Star-Wars-The-Last-Jedi-000025

Abrams had the easy assignment if you think about it. He had to wake the force up. That’s not hard when you’ve got legions of fans awaiting to listen. The hard task is the difficult second album – trying like hell to be the one that strikes back. And, for my money, for this trilogy, for this time round – this is the new Empire Strikes Back. It can’t be the original – nothing will top that, but TLJ stands shoulder to shoulder with it.

landscape-1509112223-luke-skywalker-this-is-not-going-to-go-the-way-you-think-star-wars-the-last-jedi-trailer

I think I have remarked a number of times to friends and family about what I thought the first words might have been out of Luke’s mouth back where Mr. Abrams left us in 2015. What he does retort with is better than a line or a speech, and it’s one of many moments of levity that the movie needed. I heard the voice of Irvin Kershner in my mind, talking about injecting humor into Empire. He was right then, as Mr. Johnson was right now. It is all about balance – the dark rises and the light to meet it.

leia-poe

Two reviews I read prior to going in brought up two interesting points. One which I thought was kinda confirmed, whilst the other was dispelled. The first was that TLJ was almost like Empire in reverse. I found this to be, for me, delightfully true, and I’m surprised at how well that formula worked. Where Abrams was criticized for leaning to heavily on the crutch of A New Hope, Johnson seems to have avoided the problem by simply changing direction, which he does quite often. Be prepared.

Abrams surprisingly followed this theory to success with the first of the new Star Trek films, however grossly ignoring it for his own sequel. But it is well, not only if he stepped away from the director’s chair for fear of this, but that fresh eyes often make all the difference. I enjoyed Looper, but when they said that guy is going to not only write but direct Episode VIII, I was like half interested, half fearful.

45e55b_e19b8e0d44e046c798091435487695d9~mv2

But we shouldn’t fear, should we. Fear leads to anger, anger leads to hate and hate leads to suffering.

Another element I like about TLJ is the fact that, more so than The Force Awakens, this felt like not only handing over the torch, but just throwing it away. I love how in the backgrounds of these movies we see the remnants of Star Wars past. From Rey’s junkyard home, to Luke’s X-Wing beneath the waters surrounding his fortress of solitude – even in Rogue One there is that giant fallen statue of a Jedi; the only true way to keep something going in this life is to keep it fresh and expose it to constant reinvention.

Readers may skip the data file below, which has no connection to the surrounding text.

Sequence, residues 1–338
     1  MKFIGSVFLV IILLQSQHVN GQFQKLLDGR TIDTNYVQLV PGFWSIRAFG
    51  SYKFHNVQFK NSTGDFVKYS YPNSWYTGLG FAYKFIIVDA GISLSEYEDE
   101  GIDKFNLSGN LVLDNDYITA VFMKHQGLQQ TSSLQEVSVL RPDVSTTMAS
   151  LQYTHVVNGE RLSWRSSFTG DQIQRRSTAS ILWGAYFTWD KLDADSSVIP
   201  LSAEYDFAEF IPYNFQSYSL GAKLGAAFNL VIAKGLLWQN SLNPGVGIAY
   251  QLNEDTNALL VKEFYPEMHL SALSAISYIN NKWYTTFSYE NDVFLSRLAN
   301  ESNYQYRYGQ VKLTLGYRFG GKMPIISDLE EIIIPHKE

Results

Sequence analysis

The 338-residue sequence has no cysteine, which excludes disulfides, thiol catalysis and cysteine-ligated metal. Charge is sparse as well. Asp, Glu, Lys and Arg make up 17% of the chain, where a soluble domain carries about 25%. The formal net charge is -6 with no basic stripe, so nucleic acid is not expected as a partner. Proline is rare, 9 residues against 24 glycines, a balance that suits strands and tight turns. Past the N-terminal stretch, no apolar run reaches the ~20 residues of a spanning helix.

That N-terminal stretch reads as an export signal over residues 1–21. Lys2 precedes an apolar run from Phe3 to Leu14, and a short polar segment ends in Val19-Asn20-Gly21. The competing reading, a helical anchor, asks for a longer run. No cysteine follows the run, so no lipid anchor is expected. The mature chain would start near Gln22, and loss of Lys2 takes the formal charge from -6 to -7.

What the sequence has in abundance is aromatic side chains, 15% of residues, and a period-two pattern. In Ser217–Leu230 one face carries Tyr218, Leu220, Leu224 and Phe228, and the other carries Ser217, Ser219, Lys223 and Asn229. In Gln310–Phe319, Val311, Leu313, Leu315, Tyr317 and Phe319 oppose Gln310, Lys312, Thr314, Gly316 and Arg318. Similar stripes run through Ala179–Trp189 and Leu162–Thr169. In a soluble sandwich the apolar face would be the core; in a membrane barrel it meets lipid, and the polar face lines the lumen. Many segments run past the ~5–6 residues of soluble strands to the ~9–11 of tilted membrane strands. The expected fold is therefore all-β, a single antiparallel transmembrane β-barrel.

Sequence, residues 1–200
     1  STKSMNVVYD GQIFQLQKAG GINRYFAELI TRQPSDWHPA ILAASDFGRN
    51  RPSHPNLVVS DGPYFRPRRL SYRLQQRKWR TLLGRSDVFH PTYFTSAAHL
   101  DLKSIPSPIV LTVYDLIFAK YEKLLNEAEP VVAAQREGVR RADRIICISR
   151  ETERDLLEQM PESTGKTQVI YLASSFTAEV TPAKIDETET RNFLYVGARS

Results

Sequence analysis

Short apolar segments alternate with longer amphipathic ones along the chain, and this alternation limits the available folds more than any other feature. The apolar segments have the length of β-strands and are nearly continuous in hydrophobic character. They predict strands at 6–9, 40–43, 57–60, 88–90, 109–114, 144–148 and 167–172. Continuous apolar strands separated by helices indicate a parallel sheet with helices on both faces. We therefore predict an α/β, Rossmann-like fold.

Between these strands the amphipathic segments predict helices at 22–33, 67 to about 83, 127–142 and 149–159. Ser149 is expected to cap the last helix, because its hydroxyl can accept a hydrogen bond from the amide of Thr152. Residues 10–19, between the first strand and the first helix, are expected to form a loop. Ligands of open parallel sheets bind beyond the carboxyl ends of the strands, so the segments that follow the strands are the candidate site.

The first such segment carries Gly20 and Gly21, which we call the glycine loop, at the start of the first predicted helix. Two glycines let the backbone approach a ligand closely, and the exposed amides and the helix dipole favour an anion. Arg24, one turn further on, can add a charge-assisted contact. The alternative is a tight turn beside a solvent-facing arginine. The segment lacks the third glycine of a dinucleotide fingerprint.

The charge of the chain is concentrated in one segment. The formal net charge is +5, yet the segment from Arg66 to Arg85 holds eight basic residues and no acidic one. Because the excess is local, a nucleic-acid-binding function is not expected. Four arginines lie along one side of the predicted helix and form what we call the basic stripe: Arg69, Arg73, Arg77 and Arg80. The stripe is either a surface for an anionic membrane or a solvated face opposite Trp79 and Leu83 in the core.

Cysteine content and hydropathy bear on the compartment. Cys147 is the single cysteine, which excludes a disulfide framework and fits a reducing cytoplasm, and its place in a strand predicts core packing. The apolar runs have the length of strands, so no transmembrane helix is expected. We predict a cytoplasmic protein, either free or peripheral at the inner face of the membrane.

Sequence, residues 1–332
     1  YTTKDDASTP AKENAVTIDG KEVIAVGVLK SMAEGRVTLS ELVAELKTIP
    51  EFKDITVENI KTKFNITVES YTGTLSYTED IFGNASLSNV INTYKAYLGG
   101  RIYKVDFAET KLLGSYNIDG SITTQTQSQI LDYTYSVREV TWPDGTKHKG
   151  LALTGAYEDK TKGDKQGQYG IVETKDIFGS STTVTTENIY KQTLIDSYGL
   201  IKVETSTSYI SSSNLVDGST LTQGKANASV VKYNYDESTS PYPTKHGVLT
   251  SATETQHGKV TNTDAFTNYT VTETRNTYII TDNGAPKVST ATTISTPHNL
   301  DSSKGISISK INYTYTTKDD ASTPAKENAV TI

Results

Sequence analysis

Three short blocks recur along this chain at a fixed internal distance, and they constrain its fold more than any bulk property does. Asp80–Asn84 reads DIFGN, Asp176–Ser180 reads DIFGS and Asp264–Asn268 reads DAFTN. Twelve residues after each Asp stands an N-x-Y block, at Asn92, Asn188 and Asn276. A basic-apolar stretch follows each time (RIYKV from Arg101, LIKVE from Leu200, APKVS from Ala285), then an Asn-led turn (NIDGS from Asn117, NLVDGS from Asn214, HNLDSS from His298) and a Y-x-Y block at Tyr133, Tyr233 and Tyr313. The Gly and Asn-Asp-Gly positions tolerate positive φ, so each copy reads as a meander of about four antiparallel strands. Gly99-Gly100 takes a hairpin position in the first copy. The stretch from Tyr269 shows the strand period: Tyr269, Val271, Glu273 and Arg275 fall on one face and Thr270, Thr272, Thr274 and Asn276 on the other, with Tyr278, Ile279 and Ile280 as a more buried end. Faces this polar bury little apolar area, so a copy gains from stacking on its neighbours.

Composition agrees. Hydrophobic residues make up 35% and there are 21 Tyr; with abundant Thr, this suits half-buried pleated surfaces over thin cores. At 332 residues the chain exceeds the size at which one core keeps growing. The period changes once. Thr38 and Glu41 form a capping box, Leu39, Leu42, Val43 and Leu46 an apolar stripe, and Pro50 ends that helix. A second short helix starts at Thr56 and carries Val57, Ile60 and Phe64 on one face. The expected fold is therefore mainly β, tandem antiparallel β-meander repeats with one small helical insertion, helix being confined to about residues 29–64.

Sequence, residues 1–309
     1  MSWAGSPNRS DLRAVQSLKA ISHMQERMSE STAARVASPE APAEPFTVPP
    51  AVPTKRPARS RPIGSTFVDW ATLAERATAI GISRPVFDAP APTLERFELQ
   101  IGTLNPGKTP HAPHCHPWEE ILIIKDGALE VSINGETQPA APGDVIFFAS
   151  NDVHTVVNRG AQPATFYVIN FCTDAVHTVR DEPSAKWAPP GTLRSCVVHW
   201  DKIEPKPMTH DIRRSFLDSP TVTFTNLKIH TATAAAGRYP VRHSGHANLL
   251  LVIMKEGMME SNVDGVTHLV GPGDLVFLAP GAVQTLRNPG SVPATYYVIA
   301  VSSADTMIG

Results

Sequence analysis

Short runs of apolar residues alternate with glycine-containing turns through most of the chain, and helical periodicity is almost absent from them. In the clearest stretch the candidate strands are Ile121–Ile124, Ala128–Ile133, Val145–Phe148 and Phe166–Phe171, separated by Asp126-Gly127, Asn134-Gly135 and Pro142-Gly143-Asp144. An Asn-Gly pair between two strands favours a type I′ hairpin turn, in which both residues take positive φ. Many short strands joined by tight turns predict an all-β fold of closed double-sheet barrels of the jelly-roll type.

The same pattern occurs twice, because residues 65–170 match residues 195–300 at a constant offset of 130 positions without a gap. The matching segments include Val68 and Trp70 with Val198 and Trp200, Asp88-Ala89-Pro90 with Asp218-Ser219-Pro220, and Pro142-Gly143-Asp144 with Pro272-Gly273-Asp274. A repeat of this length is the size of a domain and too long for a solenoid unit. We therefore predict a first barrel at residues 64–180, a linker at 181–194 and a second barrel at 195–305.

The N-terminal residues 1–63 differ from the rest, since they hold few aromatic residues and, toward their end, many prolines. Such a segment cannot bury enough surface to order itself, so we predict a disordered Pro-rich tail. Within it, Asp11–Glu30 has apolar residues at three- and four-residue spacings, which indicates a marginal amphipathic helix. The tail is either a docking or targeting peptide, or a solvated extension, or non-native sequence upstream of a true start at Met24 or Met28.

There’s lots of fun new creatures. LOVE THOSE PORGS! There’s some fun new locales. Mr. Williams musical voice sings a few new tunes and lovingly reminds us of a few old ones. The action is breathless, the reversals effective and plentiful. There are great revelations and many new questions.

Oh Look. You see what’s happened? I started off wanting to write a review and here I now find the need to be silent again. There is nothing I can tell you that you should ultimately listen to, except this: I have never seen a more beautiful journey that does as each new day does for us all; beginning and ending, staring off to the horizon, watching the rising and or setting of that bright sphere at the center of our galaxy.

When I was younger than I am now, I felt like Luke Skywalker, gazing off into those twin suns and longing for the next day, for the journey ahead. It is fitting then that TLJ comes now, and I am a much older man. You’ll know the moment when it comes. The twin suns will set and maybe, just maybe, your heart will swell as mine does even now, and I am at a loss for words. TLJ has touched me in a way I’ve not experienced in the cinema for a while now – and I am the better for it.

The-Last-Jedi-Landscape-Poster-

So if you have seen the movie, I hope you enjoyed it – were thrilled by it. For those of you for whom this is their first Star Wars experience, rejoice, there’s more out there to discover – more still to come. For those who haven’t seen it – man, get away from this screen and get down to your local theatre real quick – what’s the matter with you?

It is fitting that the last line belongs to a certain character, and speaking of said line, it echoes my sentiments exactly: